During the past two years, at least six home-grown Chinese firms, including Fortune Venture Capital and Jiuding Capital have launched or plan to launch their first dollar funds, according to Zero2IPO.

Highlighting the fundraising ability of Chinese firms, Citic Private Equity Funds Management Co raised $1 billion in May in its first dollar fund after attracting foreign demand.

The fund, which was heavily oversubscribed, obtained investment from 39 overseas institutions including sovereign wealth funds, pension funds, endowments, family offices and insurers.

Private equity research group Preqin estimates that there are 538 Asia and global funds on the road looking for a total $177 billion in capital. That broad array allows investors to be choosy about who they fund. And some are expected to still be cautious about the fast growing, heavily regulated and unpredictable China market.

INVESTMENT OPPORTUNITIES

Through launching dollar funds, many Chinese private equity and venture capital firms hope to win more deals from foreign rivals as many Chinese companies seeking an overseas listing prefer hard currencies funding.

For example, many Chinese internet companies including Baidu (BIDU.O) and Sina (SINA.O) used offshore structures to obtain foreign venture capital investments ahead of their Nasdaq IPOs to avoid rigid Chinese regulations.

Foreign-currency funding is also preferred by a growing number of Chinese companies seeking acquisitions abroad.

Hony, for example, helped Chinese construction and mining equipment maker Zoomlion (000157.SZ) in its acquisition of Italy’s Compagnia Italiana Forme Acciaio SPA.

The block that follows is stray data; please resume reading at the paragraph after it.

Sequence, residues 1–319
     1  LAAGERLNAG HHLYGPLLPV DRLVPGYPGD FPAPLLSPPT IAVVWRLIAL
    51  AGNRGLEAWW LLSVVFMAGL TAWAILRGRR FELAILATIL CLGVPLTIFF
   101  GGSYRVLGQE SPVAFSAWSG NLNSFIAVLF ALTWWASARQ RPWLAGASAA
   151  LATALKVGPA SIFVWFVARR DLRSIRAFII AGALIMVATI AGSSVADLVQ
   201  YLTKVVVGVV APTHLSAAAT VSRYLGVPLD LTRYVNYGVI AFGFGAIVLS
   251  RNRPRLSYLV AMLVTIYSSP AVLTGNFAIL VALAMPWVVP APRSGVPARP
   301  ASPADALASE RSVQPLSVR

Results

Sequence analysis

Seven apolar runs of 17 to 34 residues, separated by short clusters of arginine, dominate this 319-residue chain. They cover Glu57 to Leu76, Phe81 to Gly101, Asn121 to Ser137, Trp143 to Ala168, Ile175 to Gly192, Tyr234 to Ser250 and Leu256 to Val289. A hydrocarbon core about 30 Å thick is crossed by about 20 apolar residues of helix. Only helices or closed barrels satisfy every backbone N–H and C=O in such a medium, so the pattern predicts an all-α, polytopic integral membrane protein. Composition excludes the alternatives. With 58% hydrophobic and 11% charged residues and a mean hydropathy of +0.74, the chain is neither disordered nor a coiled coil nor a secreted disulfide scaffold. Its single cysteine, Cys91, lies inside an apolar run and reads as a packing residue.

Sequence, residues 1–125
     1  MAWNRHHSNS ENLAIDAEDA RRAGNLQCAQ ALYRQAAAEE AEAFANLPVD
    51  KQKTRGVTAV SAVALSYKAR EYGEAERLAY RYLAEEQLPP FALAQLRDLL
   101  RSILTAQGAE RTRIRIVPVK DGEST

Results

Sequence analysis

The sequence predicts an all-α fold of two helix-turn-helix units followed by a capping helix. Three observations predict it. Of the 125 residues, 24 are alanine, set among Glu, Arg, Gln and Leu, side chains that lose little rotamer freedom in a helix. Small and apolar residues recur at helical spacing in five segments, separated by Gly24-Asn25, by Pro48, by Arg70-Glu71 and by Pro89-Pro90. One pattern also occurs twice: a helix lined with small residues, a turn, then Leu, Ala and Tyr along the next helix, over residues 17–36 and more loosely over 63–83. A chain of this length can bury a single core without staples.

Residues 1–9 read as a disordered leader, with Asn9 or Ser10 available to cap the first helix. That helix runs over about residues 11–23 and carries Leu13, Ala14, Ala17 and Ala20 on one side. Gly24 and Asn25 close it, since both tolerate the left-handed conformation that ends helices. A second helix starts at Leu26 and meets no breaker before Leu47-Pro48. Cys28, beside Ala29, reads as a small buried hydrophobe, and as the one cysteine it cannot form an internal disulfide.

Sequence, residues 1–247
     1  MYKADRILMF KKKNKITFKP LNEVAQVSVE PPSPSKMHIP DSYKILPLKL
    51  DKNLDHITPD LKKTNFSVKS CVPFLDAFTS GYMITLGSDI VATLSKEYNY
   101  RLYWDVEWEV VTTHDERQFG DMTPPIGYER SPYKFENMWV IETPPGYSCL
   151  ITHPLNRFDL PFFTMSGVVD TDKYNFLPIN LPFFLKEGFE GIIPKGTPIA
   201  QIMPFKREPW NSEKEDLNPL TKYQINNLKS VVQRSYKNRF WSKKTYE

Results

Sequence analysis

According to sources close to the firms, Citic and CDH, along with newcomer Beikai Capital are eyeing buyouts of China’s so-called orphan stocks, companies listed overseas that may have been unfairly tainted by a raft of accounting and governance scandals from other Chinese companies.

The scandals have hammered stock values, and taking the companies private to relist in China offers a quick arbitrage play. Such a practice would require a dual-currency fund structure under which the dollar fund is used to acquire, and take private an overseas-listed company, transfer the interest into a yuan fund, before taking it public in mainland China.

“More and more overseas-listed Chinese companies are looking to come home, where they can fetch higher valuations and get more brand recognition,” Beikai partner Shuang Rongqing said. “I think that would the trend going forward.”

CDH Investments has $4 billion in domestic China assets under management. The firm recently teamed up on a take-private bid with TPG Capital for Nasdaq listed CNInsure Inc (CISG.O), though that bid collapsed.

Industry insiders say working with TPG on the deal gave CDH vital experience of U.S. buyout processes.

And partners at international funds are watching the firm overseas. They believe CDH’s Singapore office will give the firm a role in Indonesia, where China’s SOEs are actively hunting assets.

“It’s very clear from our conversations that it’s a matter of time before Chinese institutional investors make big allocations for outbound investments,” said Patrick Walujo, partner at Northstar on a panel, discussing Indonesia.